Wow - that must have been some microscope ;-)


Shut Up Now (author)ste54422009-12-24

no, just a typical school grade light-microscope.

CraigN8 (author)Shut Up Now2016-02-02

you can, all this does is it unravels the dna so its bigger.

Earths_hope (author)Shut Up Now2010-02-17

what grade? I did it in grade 5 with strawberries and used methalated spirits


Organiks (author)gogoplata2011-11-14

A more important question is can you isolate white blood cells? That is far more difficult than ethanol precipitation

Maker Zoo made it! (author)2015-11-21

Did it! Used rubbing alcohol instead of rum, and rice instead of human saliva. We have no intention of consuming the finished product, we're doing this to test our DIYbio centrifuge and getting ready for a rice DNA barcoding workshop.

Thanks for the Instructable.

NicolòB made it! (author)2015-06-02

I made it! I used toothpaste instead of dish soap and the results were very good. In the pic there is the vial where i put what i think is my DNA and ethanol.

ccrespo2 (author)2014-01-14

WARNING: DRINKING ANY AMOUNT OF DISH SOAP CAN CAUSE DIARRHEA. Just wanted to put that out that since nobody's said it yet.

lifeonthedge (author)2013-12-16

Would this process work only on animal cells? Or could it be used to extract plant DNA as well? What about bacteria? Is the DNA pure enough to use in experiments?

Derpancakes (author)2013-03-27

Is there an "under-21" way to do this?

danbemp (author)Derpancakes2013-03-30

the 70% or 91% isopropanol you can buy at any supermarket should be fine, just don't drink it : )

Broom (author)2011-11-15

Any chance I'll get superpowers, if I expose the shot of DNA to some radiation? Maybe 10 seconds in the microwave...

JuCo (author)2011-11-14

not to be too crude, but the implications of "5 minute dna extraction in a shot glass" had me giggling for a moment.

jobard (author)2011-08-23

Can I use Absinthe instead of overproof rum?

jschroedl (author)2008-11-22

Ew. cool project. Would there be anything interesting to see under a microscope?

bears0 (author)jschroedl2009-10-24

 i dont think you can see dna under a microscope if you could it would have to magnify like one centillion time

oh and yes centillion is a number it has 330 zeros
thats a lot

crysisatutz (author)bears02011-06-14

No, magnification of M=10^8 should be sufficient. Neutron scattering could do a good job for regarding DNA molecules.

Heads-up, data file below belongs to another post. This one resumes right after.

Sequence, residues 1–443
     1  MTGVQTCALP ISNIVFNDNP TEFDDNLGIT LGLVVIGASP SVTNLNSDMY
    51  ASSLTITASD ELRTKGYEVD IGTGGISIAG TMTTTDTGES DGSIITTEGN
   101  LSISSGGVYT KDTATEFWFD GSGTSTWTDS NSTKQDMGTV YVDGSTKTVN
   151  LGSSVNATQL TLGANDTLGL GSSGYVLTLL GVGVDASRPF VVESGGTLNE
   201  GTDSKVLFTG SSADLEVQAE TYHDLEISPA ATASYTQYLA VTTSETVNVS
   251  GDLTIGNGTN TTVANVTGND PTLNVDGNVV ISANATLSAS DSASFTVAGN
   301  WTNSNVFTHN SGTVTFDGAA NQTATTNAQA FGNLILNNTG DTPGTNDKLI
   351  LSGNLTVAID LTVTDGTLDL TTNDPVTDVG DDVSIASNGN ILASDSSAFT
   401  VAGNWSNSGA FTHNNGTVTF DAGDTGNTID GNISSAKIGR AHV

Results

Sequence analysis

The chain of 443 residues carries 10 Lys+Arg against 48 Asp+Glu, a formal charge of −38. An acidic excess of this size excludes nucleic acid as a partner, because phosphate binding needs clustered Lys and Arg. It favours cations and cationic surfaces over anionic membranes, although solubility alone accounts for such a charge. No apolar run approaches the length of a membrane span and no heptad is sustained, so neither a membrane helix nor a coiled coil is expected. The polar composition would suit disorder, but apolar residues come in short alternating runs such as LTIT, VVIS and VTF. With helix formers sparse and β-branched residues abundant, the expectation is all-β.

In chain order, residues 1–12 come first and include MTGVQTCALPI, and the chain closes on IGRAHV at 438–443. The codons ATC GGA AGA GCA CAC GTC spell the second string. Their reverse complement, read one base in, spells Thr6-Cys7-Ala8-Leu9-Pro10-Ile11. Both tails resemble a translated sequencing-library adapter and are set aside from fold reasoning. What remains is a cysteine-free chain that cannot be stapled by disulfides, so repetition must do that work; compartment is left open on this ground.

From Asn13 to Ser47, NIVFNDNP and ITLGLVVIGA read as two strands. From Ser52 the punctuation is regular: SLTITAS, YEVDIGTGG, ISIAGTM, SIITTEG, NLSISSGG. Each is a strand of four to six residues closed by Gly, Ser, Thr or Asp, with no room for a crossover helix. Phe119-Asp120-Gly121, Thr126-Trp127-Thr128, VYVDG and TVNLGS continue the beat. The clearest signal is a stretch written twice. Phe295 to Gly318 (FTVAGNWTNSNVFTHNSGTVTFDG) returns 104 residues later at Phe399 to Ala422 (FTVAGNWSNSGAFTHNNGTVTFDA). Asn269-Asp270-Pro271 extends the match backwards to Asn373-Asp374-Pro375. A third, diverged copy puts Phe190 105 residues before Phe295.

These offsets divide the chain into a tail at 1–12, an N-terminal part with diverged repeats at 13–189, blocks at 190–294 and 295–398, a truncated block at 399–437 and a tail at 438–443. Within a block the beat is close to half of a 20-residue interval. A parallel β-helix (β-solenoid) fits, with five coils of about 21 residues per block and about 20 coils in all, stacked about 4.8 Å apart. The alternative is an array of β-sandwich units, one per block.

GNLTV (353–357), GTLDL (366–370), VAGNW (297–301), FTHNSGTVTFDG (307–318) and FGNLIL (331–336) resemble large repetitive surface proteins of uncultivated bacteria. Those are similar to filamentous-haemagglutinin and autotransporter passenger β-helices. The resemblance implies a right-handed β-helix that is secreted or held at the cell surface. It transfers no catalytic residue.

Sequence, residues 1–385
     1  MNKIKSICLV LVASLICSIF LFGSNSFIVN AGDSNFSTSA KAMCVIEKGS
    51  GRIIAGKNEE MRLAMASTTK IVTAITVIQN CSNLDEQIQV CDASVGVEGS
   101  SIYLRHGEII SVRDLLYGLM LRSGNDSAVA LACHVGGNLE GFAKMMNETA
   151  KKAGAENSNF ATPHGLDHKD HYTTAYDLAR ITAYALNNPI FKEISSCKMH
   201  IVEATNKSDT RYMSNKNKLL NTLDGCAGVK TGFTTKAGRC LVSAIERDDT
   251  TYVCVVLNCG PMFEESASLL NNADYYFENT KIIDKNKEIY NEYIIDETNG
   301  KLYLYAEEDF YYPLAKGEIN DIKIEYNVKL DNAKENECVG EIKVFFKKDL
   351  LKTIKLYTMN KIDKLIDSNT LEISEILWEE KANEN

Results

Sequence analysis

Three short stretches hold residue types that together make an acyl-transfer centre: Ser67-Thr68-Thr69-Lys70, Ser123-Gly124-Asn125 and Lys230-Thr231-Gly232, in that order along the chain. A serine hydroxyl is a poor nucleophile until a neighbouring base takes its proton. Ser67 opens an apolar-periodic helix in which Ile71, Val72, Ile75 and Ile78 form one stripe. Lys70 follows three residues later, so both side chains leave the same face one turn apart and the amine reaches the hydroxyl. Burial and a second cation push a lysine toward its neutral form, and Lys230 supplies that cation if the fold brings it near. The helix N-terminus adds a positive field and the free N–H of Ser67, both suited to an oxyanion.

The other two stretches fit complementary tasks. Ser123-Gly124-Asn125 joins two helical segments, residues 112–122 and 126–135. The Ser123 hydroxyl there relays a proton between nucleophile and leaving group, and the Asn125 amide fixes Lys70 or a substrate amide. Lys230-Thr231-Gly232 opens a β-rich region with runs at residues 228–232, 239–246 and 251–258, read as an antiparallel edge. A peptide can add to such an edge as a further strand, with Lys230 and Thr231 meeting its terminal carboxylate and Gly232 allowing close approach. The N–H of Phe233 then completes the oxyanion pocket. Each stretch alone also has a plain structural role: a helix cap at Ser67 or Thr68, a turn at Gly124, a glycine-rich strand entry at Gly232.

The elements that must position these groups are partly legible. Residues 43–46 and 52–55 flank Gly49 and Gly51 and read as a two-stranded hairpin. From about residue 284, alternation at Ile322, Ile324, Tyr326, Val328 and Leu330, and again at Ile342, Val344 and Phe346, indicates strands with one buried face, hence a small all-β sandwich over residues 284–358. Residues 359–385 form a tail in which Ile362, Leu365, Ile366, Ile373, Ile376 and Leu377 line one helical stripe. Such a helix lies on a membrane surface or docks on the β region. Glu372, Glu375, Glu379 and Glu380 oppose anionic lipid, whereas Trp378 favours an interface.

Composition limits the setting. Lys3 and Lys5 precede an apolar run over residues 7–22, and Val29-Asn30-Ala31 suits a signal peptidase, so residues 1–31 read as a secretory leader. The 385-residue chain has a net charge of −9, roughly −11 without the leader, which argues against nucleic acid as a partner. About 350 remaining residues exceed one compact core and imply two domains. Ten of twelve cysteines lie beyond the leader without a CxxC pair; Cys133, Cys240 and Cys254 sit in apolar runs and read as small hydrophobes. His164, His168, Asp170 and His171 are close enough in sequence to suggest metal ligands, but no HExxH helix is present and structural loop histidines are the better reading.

Plaid Demon (author)bears02009-10-26


rocket master (author)2011-03-27

If you chew your cheeks, you get more DNA.

McGrep (author)2011-02-20

Fascinating. Why had I no idea this could be done so easily?

chibibunny713 (author)2010-02-26

 Hey - how long can these last for, What liquid can I preserve mine in (indefinitely), and How do you dye them?

cheesekake22 (author)2010-02-17

we did this in Project STEM and you can just swish salt water and it works fine.

Nitsuji (author)2010-02-07

Canida is almost right. Pineapple, kiwi, and papaya all contain "proteases," enzymes that break-down proteins. However, each fruit contains a pretty different enzyme: pineapple has bromelain, kiwi has actinidin, figs have ficin, and papaya has papain. 

niwrad (author)2010-01-28

hahaha nice trick! I did this with onions!!

hamado (author)2010-01-08

really going to try it right now
wish it works...

CapnTac (author)2009-12-21

What if you could clone yourself with it? That would be shweet.

kid123 (author)2009-02-02

you can do this with rubbing alcohol

stonehenge360 (author)kid1232009-02-23

yes but drinking rubbing alcohol will kill you

zhou777 (author)stonehenge3602009-11-23

yes, but you don't have to drink it. 

nrepak (author)2009-10-29

i dont know how much I would want to drink contacts lens solution considering what it does to the bowels

bears0 (author)2009-10-24

 we did that with spinach one time

SlashDev (author)2009-03-15

did you just drink dish washing detergent and/or meat tenderizer? bleah :P

awang8 (author)SlashDev2009-03-15

Steak contains meat tenderizer...

minime12358 (author)awang82009-08-17

also, your plate must contain traces of dish washing detergent.....

DrWeird117 (author)2009-07-18

Hmm...What if...Nah.

duckythescientist (author)2009-07-10

If you are not consuming the shot, could isopropyl alcohol be substituted for the ethanol?

Never mind... I just answered my question with more research! It will work; I just won't drink it (I'm underage anyway).

ElectricUmbrella (author)2009-04-12

Very, very intresting! Nicely done! You mentioned staining it - how?

Nebraska G (author)2009-03-30

That's what I was wondering! Is there anyway to safely keep the genetic material overnight and then transport it to school for more scrutiny?

About This Instructable




Bio: I am passionate about amateur biotechnology and more generally what is called Citizen Science. After graduating with a degree in Biology from Davidson College, I ... More »